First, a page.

Kingdom Come: D. Stevens
April 11, 2001 at 04:00 AM EDT

Has this ever happened to you? Persnickety guy dies. Extended family of imperfect individuals gathers, each damn colorful, each with an ambivalent relationship to the deceased. Squabbles, laughs, tears ensue. Also reconciliation, celebration of family’s own damn colorfulness, and — not least — a peaceful farewell to the dead.

Hasn’t happened to me, either, but the idealized power of family to find strength in adversity is an irresistible theme, dream, and movie plot. In the trying, high-pitched comic drama Kingdom Come, African American self parody (of such stereotypes as the shrew, the cheating husband, the layabout, the gold digger, the church lady, the malaprop-prone minister, and the serene widowed matriarch, among other low humor targets) gives way to spiritual uplift and gospel singing. The structure and style are a staple of many traveling black stage shows (this one is based on ”Dearly Departed,” by David Dean Bottrell and Jessie Jones, who wrote the screenplay). What slays them in the second balcony, though, flattens on the screen.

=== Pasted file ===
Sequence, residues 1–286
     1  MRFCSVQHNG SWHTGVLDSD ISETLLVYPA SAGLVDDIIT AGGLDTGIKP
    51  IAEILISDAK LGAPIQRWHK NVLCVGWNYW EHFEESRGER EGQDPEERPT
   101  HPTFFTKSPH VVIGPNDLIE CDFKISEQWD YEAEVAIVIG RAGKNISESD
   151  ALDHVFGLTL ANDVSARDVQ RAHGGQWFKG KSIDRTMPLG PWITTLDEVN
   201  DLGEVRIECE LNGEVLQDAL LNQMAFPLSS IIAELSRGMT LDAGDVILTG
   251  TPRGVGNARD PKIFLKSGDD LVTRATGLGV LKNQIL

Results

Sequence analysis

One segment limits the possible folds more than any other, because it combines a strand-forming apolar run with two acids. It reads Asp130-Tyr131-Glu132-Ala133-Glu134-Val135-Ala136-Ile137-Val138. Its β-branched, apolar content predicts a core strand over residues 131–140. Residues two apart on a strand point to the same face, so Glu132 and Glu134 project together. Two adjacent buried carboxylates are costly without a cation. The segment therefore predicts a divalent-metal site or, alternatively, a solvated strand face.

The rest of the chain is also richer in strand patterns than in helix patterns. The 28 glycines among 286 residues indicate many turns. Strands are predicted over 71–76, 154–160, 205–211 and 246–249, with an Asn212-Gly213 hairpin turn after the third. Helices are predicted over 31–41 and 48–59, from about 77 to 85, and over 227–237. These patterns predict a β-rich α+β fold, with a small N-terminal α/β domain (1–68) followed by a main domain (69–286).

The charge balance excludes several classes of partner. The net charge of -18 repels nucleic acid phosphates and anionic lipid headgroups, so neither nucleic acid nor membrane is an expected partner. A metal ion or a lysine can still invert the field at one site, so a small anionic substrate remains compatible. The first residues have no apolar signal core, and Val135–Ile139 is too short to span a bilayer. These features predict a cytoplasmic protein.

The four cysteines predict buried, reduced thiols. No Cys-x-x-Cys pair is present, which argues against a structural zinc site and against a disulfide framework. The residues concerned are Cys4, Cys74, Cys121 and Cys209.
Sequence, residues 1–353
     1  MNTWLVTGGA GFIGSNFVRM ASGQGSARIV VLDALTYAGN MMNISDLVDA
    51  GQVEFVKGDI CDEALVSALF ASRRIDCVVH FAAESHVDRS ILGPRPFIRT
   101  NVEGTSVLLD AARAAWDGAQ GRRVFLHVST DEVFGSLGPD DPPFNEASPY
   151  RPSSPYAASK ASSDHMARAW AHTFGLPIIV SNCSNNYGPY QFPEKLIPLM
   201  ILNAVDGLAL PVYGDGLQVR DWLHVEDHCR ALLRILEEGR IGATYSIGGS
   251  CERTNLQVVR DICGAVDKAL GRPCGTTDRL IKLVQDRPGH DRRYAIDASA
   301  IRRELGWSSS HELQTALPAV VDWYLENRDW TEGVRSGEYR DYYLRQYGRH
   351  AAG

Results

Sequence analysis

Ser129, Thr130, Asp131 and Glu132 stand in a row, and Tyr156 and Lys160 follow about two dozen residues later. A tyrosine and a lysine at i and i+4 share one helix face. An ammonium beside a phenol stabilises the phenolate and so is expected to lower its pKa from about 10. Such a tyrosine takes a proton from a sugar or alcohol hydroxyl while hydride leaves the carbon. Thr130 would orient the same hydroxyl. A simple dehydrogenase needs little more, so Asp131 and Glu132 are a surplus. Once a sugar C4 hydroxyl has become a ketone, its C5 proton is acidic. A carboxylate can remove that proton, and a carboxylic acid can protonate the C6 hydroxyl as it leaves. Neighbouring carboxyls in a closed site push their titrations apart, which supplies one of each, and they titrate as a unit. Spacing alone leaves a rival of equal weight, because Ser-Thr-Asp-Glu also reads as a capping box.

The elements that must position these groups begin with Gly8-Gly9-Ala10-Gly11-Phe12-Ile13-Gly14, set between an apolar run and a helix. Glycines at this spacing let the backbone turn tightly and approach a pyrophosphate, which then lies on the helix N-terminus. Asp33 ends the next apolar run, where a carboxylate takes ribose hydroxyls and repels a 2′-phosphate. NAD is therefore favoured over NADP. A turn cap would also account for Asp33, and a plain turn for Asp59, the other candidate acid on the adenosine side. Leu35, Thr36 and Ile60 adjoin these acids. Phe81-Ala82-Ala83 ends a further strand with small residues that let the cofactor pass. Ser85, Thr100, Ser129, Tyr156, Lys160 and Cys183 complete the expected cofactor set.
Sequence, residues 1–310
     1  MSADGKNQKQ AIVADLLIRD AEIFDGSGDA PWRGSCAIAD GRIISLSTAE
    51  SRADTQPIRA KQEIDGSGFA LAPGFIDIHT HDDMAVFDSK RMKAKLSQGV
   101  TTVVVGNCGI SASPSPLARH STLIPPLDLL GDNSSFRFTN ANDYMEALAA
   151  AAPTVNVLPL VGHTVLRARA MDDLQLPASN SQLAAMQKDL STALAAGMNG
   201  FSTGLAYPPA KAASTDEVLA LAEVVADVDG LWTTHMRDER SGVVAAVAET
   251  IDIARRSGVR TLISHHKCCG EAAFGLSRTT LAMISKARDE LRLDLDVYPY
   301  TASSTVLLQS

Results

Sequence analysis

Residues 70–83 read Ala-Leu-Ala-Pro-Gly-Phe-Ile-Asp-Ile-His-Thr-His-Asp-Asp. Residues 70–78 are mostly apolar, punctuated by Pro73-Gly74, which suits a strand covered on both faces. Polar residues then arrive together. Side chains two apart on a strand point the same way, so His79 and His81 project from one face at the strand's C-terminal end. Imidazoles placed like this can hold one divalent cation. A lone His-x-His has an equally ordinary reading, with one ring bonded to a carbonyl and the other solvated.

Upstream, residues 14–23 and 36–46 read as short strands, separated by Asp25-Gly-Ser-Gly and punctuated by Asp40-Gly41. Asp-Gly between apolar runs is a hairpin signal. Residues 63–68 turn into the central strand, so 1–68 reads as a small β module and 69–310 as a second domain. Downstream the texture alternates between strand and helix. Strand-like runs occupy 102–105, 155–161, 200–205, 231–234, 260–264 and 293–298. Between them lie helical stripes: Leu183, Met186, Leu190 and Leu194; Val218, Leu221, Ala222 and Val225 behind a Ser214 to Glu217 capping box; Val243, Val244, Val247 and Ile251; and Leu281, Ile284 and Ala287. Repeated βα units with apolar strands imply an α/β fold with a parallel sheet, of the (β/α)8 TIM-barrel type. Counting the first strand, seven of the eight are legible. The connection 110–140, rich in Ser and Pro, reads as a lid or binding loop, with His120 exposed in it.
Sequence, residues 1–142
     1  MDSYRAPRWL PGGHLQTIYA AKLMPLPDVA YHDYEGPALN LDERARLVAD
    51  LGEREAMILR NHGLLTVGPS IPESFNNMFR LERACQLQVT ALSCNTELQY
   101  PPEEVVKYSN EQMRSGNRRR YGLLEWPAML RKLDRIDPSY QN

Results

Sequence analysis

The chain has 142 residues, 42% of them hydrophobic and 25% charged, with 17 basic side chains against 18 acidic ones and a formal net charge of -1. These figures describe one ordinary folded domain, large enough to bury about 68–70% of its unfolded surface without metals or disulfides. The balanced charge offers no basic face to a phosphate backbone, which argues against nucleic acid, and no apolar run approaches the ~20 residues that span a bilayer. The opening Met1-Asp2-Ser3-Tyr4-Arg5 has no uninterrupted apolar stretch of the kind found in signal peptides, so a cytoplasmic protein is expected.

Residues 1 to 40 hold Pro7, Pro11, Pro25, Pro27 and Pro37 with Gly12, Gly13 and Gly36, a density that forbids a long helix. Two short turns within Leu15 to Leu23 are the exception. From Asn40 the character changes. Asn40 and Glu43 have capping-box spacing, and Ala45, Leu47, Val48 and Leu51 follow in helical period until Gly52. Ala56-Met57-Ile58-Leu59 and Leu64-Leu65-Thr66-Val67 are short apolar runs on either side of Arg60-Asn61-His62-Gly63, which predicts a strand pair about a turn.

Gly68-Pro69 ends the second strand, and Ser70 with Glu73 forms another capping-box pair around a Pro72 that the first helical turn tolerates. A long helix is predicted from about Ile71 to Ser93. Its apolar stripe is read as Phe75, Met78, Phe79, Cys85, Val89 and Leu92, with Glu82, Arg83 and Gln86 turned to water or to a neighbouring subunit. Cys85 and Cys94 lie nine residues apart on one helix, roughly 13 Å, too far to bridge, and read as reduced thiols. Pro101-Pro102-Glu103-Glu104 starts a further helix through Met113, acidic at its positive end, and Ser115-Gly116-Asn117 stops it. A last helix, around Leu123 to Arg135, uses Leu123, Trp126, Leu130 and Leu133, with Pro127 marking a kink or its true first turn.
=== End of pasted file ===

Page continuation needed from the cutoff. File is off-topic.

Doug McHenry, who directed the theme-heavy drama ”Jason’s Lyric,” presides over so much mugging and eye rolling that early on there’s reason to believe he’s having fun with the genre by out-Klumping the Klumps. When it becomes clear he’s not — that the actors are, in some uneasy way, worth discussing with Spike Lee, bamboozled by the entertainment their stereotypical characters provide — then unease gives way to disappointment. And such actors! Such an attractive cast willing to ham! LL Cool J plays the responsible oldest son, Vivica A. Fox is his wife, Jada Pinkett Smith does the shrew, Toni Braxton assumes the gold-digger stance, Loretta Devine slaps her son upside the head as the church lady, Cedric the Entertainer rumbles as the reverend. And in the center square, Whoopi Goldberg fans herself as widow and matriarch. Somebody say mamma mia.

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